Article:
Department of Homeland Security:
Continued Progress Made Improving and Integrating Management Areas, but More Work Remains
GAO-12-1041T: Published: Sep 20, 2012. Publicly Released: Sep 20, 2012.
What GAO Found
Since we designated the implementation and transformation of DHS as high risk in 2003, DHS has made progress addressing management challenges and senior department officials have demonstrated commitment and top leadership support for addressing the department's management challenges. However, the department has significant work ahead to achieve positive outcomes in resolving high-risk issues. For example, DHS faces challenges in modernizing its financial systems, implementing acquisition management controls, and improving employee satisfaction survey results, among other things. As DHS continues to mature as an organization, it will be important for the department to continue to strengthen its management functions, since the effectiveness of these functions affects its ability to fulfill its homeland security and other missions.
Why GAO Did This Study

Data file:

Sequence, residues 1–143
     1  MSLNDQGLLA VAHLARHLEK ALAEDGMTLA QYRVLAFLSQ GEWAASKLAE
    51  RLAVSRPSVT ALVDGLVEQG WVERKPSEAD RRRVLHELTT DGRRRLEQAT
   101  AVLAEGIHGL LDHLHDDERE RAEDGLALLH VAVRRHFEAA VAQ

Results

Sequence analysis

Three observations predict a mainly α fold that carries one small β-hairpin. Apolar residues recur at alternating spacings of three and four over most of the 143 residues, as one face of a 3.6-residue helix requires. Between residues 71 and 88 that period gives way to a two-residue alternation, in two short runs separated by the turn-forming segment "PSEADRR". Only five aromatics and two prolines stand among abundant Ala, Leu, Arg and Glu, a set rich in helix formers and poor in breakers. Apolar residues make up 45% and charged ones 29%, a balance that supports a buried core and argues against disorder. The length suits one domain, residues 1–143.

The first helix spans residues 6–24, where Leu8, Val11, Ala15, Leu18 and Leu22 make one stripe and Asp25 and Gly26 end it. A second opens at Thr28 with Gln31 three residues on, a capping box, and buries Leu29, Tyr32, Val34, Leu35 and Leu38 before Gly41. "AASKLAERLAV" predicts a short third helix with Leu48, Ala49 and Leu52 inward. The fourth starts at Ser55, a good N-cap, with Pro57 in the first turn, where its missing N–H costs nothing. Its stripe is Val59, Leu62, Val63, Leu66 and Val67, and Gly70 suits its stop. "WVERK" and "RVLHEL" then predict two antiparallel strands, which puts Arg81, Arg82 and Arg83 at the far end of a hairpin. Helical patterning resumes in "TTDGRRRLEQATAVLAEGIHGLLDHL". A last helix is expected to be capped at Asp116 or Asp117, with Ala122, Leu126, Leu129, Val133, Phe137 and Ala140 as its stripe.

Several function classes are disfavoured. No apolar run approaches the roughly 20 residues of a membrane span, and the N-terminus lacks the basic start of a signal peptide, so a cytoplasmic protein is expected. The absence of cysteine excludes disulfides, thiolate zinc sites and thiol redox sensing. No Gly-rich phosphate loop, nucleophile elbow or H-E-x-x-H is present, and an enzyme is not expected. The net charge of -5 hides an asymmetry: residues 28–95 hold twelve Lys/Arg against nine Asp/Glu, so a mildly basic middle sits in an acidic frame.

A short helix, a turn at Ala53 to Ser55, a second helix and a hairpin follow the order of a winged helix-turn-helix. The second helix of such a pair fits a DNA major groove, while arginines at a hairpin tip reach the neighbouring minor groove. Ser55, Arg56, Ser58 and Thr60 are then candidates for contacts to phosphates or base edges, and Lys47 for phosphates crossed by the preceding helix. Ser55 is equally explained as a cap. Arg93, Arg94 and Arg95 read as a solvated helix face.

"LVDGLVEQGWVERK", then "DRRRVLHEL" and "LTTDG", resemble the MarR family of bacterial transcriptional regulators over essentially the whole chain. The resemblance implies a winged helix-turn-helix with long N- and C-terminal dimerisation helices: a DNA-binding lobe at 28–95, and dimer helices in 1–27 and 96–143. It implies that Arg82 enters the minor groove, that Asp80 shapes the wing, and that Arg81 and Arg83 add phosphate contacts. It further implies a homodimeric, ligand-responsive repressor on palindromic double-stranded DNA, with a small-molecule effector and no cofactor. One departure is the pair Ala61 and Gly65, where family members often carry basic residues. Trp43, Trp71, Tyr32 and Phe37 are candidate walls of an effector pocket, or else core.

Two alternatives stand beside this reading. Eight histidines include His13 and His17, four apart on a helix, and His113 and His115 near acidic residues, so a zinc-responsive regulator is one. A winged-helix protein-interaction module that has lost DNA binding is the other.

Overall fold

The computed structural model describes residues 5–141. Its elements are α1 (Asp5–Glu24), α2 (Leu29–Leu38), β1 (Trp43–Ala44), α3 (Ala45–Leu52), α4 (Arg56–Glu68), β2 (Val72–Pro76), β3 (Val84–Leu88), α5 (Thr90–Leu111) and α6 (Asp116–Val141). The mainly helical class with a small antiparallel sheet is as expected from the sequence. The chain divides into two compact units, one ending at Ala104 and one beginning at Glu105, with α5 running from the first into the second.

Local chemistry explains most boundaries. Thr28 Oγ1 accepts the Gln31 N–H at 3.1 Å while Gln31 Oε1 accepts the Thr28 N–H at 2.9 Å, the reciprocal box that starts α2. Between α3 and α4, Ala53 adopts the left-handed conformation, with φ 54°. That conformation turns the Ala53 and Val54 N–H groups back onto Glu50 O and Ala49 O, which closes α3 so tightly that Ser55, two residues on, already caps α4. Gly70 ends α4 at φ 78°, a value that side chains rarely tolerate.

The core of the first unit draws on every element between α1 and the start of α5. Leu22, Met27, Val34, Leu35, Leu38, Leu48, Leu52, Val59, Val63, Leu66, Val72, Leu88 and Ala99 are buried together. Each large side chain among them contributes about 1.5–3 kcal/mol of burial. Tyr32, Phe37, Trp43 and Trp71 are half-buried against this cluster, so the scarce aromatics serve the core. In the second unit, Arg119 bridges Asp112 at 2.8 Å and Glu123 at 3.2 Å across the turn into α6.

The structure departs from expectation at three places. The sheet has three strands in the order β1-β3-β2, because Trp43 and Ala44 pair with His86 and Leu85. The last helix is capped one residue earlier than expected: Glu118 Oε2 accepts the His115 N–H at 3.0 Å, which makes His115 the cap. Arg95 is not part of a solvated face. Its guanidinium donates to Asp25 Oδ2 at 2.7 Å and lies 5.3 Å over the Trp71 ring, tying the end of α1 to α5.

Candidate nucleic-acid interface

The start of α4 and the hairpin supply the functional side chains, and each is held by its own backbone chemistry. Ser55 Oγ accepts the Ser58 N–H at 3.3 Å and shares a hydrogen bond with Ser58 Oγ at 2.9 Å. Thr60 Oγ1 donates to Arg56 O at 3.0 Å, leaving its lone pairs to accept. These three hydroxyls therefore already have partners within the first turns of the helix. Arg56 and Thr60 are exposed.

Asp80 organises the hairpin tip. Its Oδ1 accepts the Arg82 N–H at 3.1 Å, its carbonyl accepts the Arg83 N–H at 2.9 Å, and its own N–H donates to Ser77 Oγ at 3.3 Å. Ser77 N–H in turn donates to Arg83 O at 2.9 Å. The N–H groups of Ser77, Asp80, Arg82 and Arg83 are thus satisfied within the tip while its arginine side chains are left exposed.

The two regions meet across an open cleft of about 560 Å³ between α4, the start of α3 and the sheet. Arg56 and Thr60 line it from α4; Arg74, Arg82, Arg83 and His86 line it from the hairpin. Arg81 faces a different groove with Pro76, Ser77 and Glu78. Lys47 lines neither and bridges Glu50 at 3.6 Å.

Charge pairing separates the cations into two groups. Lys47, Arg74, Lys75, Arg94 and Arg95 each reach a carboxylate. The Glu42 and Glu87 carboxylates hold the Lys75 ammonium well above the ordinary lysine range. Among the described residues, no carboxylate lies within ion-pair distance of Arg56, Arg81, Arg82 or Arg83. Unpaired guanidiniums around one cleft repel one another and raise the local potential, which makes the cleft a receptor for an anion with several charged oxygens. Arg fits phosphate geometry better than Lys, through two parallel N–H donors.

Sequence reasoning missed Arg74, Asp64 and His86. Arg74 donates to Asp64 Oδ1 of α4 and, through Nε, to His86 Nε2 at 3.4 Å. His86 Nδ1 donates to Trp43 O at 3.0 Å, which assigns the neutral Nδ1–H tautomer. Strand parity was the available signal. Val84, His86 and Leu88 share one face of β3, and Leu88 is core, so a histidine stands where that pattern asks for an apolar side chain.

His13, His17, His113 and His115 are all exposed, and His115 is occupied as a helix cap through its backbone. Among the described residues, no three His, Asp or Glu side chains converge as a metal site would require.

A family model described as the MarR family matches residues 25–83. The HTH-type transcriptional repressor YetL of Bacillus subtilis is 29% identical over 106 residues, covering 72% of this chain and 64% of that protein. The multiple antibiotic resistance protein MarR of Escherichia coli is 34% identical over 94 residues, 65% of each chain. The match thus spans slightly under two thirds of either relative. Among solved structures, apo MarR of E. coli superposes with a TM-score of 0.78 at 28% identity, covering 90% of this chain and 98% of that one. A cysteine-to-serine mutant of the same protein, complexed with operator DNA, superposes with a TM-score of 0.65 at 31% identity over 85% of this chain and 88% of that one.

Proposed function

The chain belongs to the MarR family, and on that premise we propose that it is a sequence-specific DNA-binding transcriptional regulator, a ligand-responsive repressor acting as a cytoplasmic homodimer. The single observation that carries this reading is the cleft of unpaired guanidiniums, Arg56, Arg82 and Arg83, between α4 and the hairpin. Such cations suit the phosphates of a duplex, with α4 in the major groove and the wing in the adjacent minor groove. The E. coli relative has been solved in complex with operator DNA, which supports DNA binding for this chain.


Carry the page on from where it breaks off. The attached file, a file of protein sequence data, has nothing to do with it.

This testimony discusses the Department of Homeland Security's (DHS) efforts to strengthen and integrate its management functions. DHS now has more than 200,000 employees and an annual budget of almost $60 billion, and its transformation is critical to achieving its homeland security and other missions. Since 2003, GAO has designated the implementation and transformation of DHS as high risk because DHS had to combine 22 agencies--several with major management challenges--into one department, and failure to effectively address DHS's management and mission risks could have serious consequences for our national and economic security. This high-risk area includes challenges in strengthening DHS's management functions--financial management, acquisition management, human capital, and information technology (IT)--the effect of those challenges on DHS's mission implementation, and challenges in integrating management functions within and across the department and its components. In November 2000, we published our criteria for removing areas from the high-risk list. This high-risk area includes challenges in strengthening DHS's management functions--financial management, acquisition management, human capital, and information technology (IT)--the effect of those challenges on DHS's mission implementation, and challenges in integrating management functions within and across the department and its components. Specifically, agencies must have (1) a demonstrated strong commitment and top leadership support to address the risks; (2) the capacity (that is, the people and other resources) to resolve the risks; (3) a corrective action plan that identifies the root causes, identifies effective solutions, and provides for substantially completing corrective measures in the near term, including but not limited to steps necessary to implement solutions we recommended; (4) a program instituted to monitor and independently validate the effectiveness and sustainability of corrective measures; and (5) the ability to demonstrate progress in implementing corrective measures. On the basis of our prior work, in a September 2010 letter to DHS, we identified, and DHS agreed to achieve, 31 actions and outcomes that are critical to addressing the challenges within the department's management areas and in integrating those functions across the department to address the high-risk designation. These key actions and outcomes include, among others, obtaining and then sustaining unqualified audit opinions for at least 2 consecutive years on the departmentwide financial statements; validating required acquisition documents in accordance with a department-approved, knowledge-based acquisition process; and demonstrating measurable progress in implementing its IT human capital plan and accomplishing defined outcomes. In January 2011, DHS issued its initial Integrated Strategy for High Risk Management, which included key management initiatives (e.g., financial management controls, IT program governance, and procurement staffing model) to address challenges and the outcomes we identified for each management area. DHS provided updates of its progress in implementing these initiatives in later versions of the strategy--June 2011, December 2011, and June 2012. Achieving and sustaining progress in these management areas would demonstrate the department's ability and ongoing commitment to addressing our five criteria for removing issues from the high-risk list. As requested, this testimony will discuss our observations, based on prior and ongoing work, on DHS's progress in achieving outcomes critical to addressing its high-risk designation for the implementation and transformation of the department.
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